In a pro-Bush book entitled Strategery: How George W. Bush Is Defeating Terrorists, Outwitting Democrats and Confounding the Mainstream Media, right-wing journalist Bill Sammon devoted several pages to bin Laden’s videotape, portraying it as an attempt by the terrorist leader to persuade Americans to vote for Kerry.

“Bin Laden stopped short of overtly endorsing Kerry,” Sammon wrote, “but the terrorist offered a polemic against reelecting Bush.”

Sammon and other right-wing pundits didn’t weigh the obvious possibility that the crafty bin Laden might have understood that his “endorsement” of Kerry would achieve the opposite effect with the American people.

Bush himself recognized that political impact. “I thought it was going to help,” Bush said in a post-election interview with Sammon about bin Laden’s videotape. “I thought it would help remind people that if bin Laden doesn’t want Bush to be the President, something must be right with Bush.”

In Strategery, Sammon also quotes Republican National Chairman Ken Mehlman as agreeing that bin Laden’s videotape helped Bush. “It reminded people of the stakes,” Mehlman said. “It reinforced an issue on which Bush had a big lead over Kerry.”

But bin Laden, a student of American politics, surely understood that, too.

There always has been this logical flaw in Bush’s insistence that the American people must “listen” to what al-Qaeda says in its public pronouncements, like taking note that al-Qaeda supposedly has called “Iraq the central front in the war on terror.”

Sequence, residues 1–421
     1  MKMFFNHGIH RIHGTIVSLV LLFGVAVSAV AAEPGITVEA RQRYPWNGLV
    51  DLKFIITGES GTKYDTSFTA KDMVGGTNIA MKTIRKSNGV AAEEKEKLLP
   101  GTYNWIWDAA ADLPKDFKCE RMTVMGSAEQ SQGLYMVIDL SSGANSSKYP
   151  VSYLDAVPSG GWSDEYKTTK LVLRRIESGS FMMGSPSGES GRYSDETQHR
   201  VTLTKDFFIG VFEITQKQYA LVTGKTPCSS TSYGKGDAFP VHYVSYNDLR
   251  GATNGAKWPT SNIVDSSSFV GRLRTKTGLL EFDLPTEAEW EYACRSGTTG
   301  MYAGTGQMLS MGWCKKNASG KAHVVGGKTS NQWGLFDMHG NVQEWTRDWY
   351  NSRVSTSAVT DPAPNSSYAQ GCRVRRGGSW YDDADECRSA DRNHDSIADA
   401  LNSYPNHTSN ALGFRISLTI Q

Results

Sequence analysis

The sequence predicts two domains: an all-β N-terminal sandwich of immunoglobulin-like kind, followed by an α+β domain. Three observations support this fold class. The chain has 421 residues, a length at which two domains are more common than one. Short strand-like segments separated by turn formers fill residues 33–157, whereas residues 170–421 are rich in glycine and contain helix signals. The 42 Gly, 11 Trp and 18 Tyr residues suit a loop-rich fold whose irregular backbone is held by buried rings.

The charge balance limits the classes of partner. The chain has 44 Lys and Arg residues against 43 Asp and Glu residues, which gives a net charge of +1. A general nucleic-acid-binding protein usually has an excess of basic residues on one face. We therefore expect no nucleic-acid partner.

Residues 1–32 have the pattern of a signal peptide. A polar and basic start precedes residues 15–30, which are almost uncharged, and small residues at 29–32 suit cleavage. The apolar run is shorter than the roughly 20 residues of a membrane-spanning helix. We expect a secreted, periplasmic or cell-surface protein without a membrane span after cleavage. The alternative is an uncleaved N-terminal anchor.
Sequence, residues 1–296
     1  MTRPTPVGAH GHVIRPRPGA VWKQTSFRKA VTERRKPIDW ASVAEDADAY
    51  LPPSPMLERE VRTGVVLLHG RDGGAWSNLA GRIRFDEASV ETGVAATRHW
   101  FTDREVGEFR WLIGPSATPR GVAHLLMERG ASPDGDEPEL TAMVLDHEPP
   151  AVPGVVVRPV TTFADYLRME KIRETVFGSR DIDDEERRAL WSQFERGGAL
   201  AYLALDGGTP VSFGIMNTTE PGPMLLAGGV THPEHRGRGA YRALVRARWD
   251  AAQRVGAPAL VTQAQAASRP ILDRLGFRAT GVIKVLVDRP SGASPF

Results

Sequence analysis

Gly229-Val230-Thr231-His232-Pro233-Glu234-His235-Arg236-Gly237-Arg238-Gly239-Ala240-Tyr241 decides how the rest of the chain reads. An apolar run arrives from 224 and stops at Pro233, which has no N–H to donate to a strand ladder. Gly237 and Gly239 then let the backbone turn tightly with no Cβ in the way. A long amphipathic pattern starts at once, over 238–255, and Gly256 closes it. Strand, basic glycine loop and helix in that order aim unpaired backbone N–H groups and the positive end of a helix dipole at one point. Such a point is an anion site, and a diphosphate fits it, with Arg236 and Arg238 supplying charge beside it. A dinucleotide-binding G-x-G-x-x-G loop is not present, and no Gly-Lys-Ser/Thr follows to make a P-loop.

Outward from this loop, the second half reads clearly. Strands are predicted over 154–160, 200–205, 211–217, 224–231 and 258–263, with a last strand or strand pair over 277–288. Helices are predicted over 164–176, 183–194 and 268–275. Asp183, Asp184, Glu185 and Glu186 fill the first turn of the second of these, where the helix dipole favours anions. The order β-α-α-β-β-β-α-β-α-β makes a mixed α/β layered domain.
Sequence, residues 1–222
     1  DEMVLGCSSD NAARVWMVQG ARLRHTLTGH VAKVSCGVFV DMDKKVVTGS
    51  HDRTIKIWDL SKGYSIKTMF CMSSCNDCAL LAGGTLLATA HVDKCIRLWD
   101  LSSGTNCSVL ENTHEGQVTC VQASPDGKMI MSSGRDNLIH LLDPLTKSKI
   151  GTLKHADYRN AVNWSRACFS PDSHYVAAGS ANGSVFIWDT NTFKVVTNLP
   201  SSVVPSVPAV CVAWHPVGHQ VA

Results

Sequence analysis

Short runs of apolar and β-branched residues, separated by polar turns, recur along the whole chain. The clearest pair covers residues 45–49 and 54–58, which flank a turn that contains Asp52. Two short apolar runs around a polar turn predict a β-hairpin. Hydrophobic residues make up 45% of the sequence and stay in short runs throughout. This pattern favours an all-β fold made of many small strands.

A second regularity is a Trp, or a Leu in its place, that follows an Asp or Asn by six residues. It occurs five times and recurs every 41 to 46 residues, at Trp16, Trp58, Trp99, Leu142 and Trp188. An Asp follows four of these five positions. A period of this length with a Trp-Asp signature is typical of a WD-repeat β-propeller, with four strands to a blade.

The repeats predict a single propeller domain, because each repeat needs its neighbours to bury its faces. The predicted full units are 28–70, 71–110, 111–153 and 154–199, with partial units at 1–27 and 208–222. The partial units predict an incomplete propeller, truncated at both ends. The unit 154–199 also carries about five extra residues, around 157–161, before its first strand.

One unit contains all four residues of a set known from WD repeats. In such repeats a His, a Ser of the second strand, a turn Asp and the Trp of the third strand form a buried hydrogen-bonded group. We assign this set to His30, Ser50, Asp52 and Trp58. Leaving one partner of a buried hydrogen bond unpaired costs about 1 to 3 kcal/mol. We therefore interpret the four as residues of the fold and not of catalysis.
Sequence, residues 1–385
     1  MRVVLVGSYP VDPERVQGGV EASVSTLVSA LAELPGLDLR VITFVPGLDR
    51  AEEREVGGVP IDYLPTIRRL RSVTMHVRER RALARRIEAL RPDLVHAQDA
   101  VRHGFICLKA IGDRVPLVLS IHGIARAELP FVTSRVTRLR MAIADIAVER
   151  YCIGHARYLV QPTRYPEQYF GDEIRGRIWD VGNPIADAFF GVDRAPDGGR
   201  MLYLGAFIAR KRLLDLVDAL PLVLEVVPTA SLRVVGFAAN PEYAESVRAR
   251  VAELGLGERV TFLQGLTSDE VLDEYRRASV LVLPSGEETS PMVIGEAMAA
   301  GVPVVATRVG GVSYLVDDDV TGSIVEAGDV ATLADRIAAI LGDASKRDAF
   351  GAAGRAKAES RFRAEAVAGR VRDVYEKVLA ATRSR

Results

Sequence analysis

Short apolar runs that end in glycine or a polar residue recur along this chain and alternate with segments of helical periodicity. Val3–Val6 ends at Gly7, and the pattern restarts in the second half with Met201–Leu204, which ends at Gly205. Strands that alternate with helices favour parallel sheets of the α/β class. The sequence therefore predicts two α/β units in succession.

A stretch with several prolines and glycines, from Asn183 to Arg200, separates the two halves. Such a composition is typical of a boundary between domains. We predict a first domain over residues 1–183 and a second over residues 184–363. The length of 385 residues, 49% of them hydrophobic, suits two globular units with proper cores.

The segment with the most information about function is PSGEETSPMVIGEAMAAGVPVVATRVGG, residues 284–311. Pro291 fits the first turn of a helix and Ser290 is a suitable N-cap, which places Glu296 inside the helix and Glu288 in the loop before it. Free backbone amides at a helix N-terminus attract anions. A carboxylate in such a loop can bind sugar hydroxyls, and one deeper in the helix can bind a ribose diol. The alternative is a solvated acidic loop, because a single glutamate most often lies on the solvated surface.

While it may make sense to give some credence to internal communications between al-Qaeda operatives – if one judges that the words reflect the organization’s real strategies – it can be a huge mistake to believe al-Qaeda’s public declarations.

Steeped in clandestine activities, bin Laden and his followers understand the value of disinformation, something that CIA analysts also appreciate.

That’s why in 2004, the CIA analysts concluded that bin Laden’s denunciation of Bush was something of a Brer Rabbit ploy, telling your adversary to do the opposite of what you really want done. “Don’t throw me in the briar patch,” Brer Rabbit said, when that was exactly where he wanted to go.

So, just days before Election 2004, bin Laden acted as if he feared a Bush second term when that appears to have been what he privately desired.

‘Prolonging the War’

Similarly, Bush’s insistence that the United States must stay in Iraq – because al-Qaeda says it wants to drive American troops out – falls victim to the same Brer Rabbit question: What if bin Laden really wants to keep the United States bogged down in Iraq, so al-Qaeda can rebuild its operations in Pakistan and Afghanistan?

Indeed, the possibility of such deception is why U.S. intelligence analysts give greater weight to al-Qaeda’s internal communications, such as a December 2005 captured letter from one of bin Laden’s deputies, “Atiyah,” to Abu Musab al-Zarqawi, then the leader of al-Qaeda in Iraq.